Cybersecurity

China faces cyber espionage charges

iStockPhoto / FCW

The Justice Department has brought its first charges of cyber espionage against a nation-state with the May 19 indictment of five officers in China’s People’s Liberation Army.

The five officers from a PLA hacking unit in Shanghai are charged with stealing proprietary economic information from six major U.S. companies and organizations, including producers of nuclear energy and aluminum.

Attorney General Eric Holder said the indictment was a shot across the bow to countries that would use intellectual property theft as a tool of statecraft.

“This case should serve as a wakeup call to the seriousness of the ongoing cyber threat,” Holder said at a press conference. “These criminal charges represent a groundbreaking step forward in addressing that threat.”

The six companies alleged to have been hacked are Allegheny Technologies Inc., Alcoa Inc., U.S. subsidiaries of SolarWorld, Westinghouse Electric Co., U.S. Steel Corp., and the United Steelworkers union.

The United States does not have an extradition treaty with China and the likelihood of the five defendants appearing in a U.S. court seems slim.

Prosecutors hope an indictment will yield better results than diplomacy has in deterring China from sponsoring cyberattacks on U.S. firms. A February 2013 report by U.S. security firm Mandiant pinpointed the same Shanghai offices as a launching pad for cyberattacks. Less than two months later, Washington and Beijing agreed to set up a cybersecurity working group in an effort to ease tensions on the issue.

American prosecutors appeared fed up with China’s alleged cyber transgressions. “For the first time, we are exposing the faces and names behind the keyboards in Shanghai used to steal from American businesses,” Assistant Attorney Gen. John Carlin said at the press conference. 

While U.S.-China cooperation on cybersecurity appears strained, the indictment “may create momentum on the international stage for some type of agreement on cybercrime” in forums such as the European Union’s Convention on Cybercrime, according to Matt Rhoades, a cybersecurity expert at the Truman National Security Project.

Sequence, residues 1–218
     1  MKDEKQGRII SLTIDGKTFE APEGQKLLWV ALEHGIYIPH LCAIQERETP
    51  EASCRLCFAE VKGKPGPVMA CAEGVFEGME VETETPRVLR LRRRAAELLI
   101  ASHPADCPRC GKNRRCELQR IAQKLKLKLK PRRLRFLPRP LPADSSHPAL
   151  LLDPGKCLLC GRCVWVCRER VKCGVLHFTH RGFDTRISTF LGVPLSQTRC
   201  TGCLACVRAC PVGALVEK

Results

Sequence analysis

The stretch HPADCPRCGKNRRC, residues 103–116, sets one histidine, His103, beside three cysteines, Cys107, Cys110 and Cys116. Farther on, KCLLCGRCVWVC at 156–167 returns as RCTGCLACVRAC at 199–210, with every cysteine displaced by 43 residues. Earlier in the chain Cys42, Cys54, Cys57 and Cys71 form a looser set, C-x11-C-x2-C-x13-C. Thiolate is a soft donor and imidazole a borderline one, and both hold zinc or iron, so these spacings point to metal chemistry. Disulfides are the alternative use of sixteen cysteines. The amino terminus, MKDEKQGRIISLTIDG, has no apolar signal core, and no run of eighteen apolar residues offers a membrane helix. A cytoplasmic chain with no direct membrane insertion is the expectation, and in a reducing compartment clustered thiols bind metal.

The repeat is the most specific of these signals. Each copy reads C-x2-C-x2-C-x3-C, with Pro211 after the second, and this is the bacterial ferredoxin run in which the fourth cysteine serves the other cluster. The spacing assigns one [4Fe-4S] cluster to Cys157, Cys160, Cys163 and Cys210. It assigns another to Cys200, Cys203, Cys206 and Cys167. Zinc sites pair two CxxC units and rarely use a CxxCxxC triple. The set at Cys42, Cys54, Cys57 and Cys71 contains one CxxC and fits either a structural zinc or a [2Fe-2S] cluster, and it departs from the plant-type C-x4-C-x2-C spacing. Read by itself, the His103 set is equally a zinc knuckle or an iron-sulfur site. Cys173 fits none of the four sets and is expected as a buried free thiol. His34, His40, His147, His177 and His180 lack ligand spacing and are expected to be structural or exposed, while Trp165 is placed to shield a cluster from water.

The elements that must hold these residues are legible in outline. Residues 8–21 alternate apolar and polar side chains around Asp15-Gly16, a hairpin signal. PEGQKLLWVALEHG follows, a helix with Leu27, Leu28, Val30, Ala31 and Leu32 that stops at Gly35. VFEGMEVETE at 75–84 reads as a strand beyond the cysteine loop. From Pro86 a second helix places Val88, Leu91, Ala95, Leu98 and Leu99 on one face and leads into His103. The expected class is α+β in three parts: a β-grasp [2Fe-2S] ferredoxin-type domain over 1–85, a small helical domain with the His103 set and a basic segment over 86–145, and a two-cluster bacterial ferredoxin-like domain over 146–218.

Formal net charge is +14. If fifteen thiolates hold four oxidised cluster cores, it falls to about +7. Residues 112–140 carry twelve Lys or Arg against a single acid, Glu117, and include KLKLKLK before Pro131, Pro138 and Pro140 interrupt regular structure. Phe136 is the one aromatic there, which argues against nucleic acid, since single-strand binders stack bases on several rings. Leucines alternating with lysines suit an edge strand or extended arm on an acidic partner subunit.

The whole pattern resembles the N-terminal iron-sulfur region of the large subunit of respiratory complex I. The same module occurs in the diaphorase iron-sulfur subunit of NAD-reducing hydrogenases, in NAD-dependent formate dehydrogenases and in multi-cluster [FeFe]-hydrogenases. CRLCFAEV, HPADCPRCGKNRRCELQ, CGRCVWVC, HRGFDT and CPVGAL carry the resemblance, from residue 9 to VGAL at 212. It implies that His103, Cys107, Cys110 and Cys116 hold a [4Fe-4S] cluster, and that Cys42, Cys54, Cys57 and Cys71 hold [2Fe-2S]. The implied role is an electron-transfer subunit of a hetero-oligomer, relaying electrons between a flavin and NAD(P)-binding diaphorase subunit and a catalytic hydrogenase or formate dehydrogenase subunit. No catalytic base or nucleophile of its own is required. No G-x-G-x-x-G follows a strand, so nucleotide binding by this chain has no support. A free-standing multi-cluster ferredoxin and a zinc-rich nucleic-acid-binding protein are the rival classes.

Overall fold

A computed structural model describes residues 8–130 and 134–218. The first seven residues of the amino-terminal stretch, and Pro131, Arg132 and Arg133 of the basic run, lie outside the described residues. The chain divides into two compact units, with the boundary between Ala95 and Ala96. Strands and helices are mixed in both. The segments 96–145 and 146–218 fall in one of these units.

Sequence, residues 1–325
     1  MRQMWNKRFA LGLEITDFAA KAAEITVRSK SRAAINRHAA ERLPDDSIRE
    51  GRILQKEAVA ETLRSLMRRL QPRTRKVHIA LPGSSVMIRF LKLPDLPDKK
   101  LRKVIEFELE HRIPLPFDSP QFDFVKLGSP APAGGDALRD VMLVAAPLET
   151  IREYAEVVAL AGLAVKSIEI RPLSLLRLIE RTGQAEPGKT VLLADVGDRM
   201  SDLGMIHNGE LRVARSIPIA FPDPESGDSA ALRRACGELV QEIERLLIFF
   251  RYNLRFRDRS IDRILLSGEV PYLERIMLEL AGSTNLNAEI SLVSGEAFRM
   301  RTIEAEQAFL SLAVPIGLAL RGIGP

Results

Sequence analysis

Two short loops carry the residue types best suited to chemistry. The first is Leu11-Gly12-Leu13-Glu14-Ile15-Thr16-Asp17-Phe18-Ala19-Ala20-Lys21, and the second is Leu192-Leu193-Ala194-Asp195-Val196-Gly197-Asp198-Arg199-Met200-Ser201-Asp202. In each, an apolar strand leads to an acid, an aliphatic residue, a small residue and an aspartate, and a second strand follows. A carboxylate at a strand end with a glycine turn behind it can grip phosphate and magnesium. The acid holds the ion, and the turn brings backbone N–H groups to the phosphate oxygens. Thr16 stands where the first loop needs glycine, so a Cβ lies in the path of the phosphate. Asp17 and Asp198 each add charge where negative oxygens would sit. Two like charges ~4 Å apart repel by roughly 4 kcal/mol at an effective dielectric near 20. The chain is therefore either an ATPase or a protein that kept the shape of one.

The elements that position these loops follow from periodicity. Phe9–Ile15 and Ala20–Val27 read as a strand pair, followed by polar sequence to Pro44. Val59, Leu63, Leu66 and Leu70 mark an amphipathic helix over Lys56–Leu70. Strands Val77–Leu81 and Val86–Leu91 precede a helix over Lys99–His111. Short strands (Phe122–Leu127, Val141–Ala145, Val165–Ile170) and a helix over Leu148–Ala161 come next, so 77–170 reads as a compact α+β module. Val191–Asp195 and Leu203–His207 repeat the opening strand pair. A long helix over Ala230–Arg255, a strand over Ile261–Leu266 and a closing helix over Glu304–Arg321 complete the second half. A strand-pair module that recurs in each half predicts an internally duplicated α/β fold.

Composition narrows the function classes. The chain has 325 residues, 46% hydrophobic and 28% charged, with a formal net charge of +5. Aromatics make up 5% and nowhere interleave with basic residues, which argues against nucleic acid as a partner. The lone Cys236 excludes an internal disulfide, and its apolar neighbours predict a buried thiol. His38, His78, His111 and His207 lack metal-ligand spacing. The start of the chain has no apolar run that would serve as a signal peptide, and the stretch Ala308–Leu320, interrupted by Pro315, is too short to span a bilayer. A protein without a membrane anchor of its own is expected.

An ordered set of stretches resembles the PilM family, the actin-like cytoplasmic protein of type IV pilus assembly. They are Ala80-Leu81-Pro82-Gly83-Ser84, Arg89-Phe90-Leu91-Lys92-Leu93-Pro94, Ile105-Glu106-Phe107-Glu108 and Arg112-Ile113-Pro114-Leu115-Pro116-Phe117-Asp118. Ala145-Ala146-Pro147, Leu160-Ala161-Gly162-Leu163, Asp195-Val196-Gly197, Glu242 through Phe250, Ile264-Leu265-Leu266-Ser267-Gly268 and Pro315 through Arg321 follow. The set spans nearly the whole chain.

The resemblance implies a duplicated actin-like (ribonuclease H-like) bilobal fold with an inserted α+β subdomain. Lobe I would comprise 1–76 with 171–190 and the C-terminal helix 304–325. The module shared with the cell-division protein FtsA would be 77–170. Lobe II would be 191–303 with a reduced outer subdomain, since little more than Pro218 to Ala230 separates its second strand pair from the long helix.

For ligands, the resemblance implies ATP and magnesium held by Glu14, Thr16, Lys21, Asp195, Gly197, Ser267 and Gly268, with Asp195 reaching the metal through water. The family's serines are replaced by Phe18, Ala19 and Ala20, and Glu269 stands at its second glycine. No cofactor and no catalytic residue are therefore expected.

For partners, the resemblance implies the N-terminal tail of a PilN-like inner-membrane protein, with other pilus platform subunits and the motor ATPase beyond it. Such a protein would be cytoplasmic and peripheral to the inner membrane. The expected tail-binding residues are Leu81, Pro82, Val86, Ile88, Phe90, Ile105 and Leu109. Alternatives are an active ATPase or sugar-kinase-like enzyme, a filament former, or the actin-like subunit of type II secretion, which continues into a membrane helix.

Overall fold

The Obama administration is “looking to be more aggressive in their prosecution” of economic cyber theft “because it is damaging to the U.S. economic recovery,” he said in an interview.

Administration officials said as much in announcing the indictment. “Our economic security and our ability to compete fairly in the global marketplace are directly linked to our national security,” Holder said. “Success in the international marketplace should be based solely on a company’s ability to innovate and compete, not on a sponsor government’s ability to spy and to steal business secrets.”

DOJ hinted that it could have more indictments of state actors in its quiver. “This first indictment of Chinese cyber actors clears the way for additional charges to be made. This is the new normal. This is what you’re going to see on a recurring basis,” said Robert Anderson, executive assistant director of the FBI’s Criminal, Cyber, Response and Services Branch.

About the Author

Sean Lyngaas is an FCW staff writer covering defense, cybersecurity and intelligence issues. Prior to joining FCW, he was a reporter and editor at Smart Grid Today, where he covered everything from cyber vulnerabilities in the U.S. electric grid to the national energy policies of Britain and Mexico. His reporting on a range of global issues has appeared in publications such as The Atlantic, The Economist, The Washington Diplomat and The Washington Post.

Lyngaas is an active member of the National Press Club, where he served as chairman of the Young Members Committee. He earned his M.A. in international affairs from The Fletcher School of Law and Diplomacy at Tufts University, and his B.A. in public policy from Duke University.

Click here for previous articles by Lyngaas, or connect with him on Twitter: @snlyngaas.


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